Multiple module execution
. PROG1.TXT CHAR10 DIM 10 FUNC1 EXTERNAL MOVE "PARAMETER1" TO CHAR10 LOADMOD "PROG2" CALL FUNC1 WITH CHAR10, "PARAMETER2" STOP . PROG2.TXT PARM1 DIM @ PARM2 DIM @ FUNC1 ROUTINE PARM1, PARM2 DISPLAY *ES, PARM1, ", ", PARM2 RETURN
Support for various text, binary, and native files
The BINARY file type, when specified in a FILE declaration, means that the data file is a binary file (i.e. there are no end-of-record characters).
The NATIVE file type, when specified on a FILE or IFILE declaration, means that the data file and associated indexes are of a type native to the run-time operating system. In UNIX, the NATIVE file type can be C-ISAM. In this way, NATIVE file support can provide access to file types used by other languages (e.g. COBOL).
The DATA file type, when specified in a FILE, IFILE or AFILE declaration, means that the datafile is an ASCII, line-feed delimited text file, regardless of operating system.
Support for SQL (Structured Query Language)
SQLEXEC "SELECT NAME INTO :1 FROM BOOKS WHERE ID=:2", BOOK, ID
INTEGER and FLOAT data types
NUM6 INTEGER 6 NUM7P2 FLOAT 7.2
are equivalent to regular FORM declarations except that all calculations will be done using 32-bit integers and 64-bit floating point variables, respectively. In all other respects (such as WRITE to a file or DISPLAY on the screen), INTEGER and FLOAT declarations are handled as if they were FORM declarations.
Additional variable types
Local variable definition support
TRAPCLR ALL, TRAPSAVE, TRAPRESTORE, DISABLE, and ENABLE verbs
FLAGSAVE, FLAGRESTORE and SETFLAG verbs
Reuse of deleted record space
Industry standard function keys
Completely portable graphical DISPLAY control codes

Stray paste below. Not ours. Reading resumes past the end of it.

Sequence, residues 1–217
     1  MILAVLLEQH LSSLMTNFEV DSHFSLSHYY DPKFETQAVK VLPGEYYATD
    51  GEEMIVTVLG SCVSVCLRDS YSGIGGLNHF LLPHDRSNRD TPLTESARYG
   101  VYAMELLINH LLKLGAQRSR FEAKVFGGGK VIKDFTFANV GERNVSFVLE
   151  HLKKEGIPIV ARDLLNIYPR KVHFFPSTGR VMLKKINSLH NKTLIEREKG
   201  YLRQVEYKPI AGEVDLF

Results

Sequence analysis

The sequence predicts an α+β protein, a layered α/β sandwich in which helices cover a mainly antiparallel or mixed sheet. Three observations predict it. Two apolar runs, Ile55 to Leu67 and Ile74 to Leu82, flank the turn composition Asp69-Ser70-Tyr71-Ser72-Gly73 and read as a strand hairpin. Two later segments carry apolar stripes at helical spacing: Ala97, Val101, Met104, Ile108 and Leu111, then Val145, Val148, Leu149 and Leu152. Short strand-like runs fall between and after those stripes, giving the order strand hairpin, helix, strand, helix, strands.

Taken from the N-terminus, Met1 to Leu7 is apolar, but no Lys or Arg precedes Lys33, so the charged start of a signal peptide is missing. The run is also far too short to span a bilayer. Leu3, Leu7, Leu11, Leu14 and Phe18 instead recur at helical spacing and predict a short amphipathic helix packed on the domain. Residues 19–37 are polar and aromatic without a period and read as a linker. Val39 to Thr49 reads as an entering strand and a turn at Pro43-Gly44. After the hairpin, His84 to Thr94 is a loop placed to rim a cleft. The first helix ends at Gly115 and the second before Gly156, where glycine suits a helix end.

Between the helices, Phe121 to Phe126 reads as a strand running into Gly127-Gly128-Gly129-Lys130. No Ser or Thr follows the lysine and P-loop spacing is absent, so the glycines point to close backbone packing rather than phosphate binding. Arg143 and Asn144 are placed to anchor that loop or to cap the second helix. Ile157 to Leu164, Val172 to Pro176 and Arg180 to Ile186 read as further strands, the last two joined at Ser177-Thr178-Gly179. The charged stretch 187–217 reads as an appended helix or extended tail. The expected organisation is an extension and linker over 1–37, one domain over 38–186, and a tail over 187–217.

*LFA left arrow *RFA right arrow *UPA up arrow *DNA down arrow *HLN horizontal line *VLN vertical line *CRS crossed lines *ULC upper left corner *URC upper right corner *LLC lower left corner *LRC lower right corner *RTK right tick mark *DTK down tick mark *LTK left tick mark *UTK up tick mark *DBLON double line on *DBLOFF double line off *HDBLON horizontal double line on *HDBLOFF horizontal double line off *VDBLON vertical double line on *VDBLOFF vertical double line off
These graphic control codes may be contained in KEYIN and DISPLAY lists.
They may also be used as the operands for *RPTCHAR, *RPTDOWN and *ESCHAR.
DISPLAY *ES, *ULC, *RPTCHAR=*HLN:78, *URC;
Multiple print file support
PRT1 PFILE PRT2 PFILE SPLOPEN PRINT1, "file1.prt" SPLOPEN PRINT2, "file2.prt" PRINT PRINT1; "This line goes to file1" PRINT PRINT2; "This line goes to file2" SPLCLOSE PRINT1 SPLCLOSE PRINT2
Automatic print spooling
SPLOPEN "PRTFILE.PRT", "D" PRINT "A PRINT LINE" SPLCLOSE "S,B,N=2,D"
The D parameter of SPLOPEN causes the print file to contain device control characters (CR, LF, FF) instead of ANSI carriage control characters. The S parameter of SPLCLOSE causes the file PRTFILE.PRT to be submitted to the system spooler. The B option causes a banner page to be printed. The N=2 option causes two copies to be printed. The D option causes PRTFILE.PRT to be deleted when printing is complete.
When used in conjunction with the
The setnull statement causes numeric and character variables to be set to the NULL state. The isnull operator is used in expressions to test the NULL state of a numeric or character variable. The setnull statement and the isnull operator are particularly useful in conjunction with SQL.
A call statement with parameters may pass label variables by prefixing
the variable name with the tilde (
The unlock statement allows a single record to be unlocked in a file.
The move statement of a list variable to another list variable causes each of the variables contained in the source list variable to be moved to each of the variables in the destination list.
In the character mode versions of DB/C DX, PDF, PCL and PostScript printer
output is supported with the
Single event and recurring timer support is available in conjunction with device and queue variables.
The CHAIN utility
The SORT utility
The BUILD and REFORMAT utilities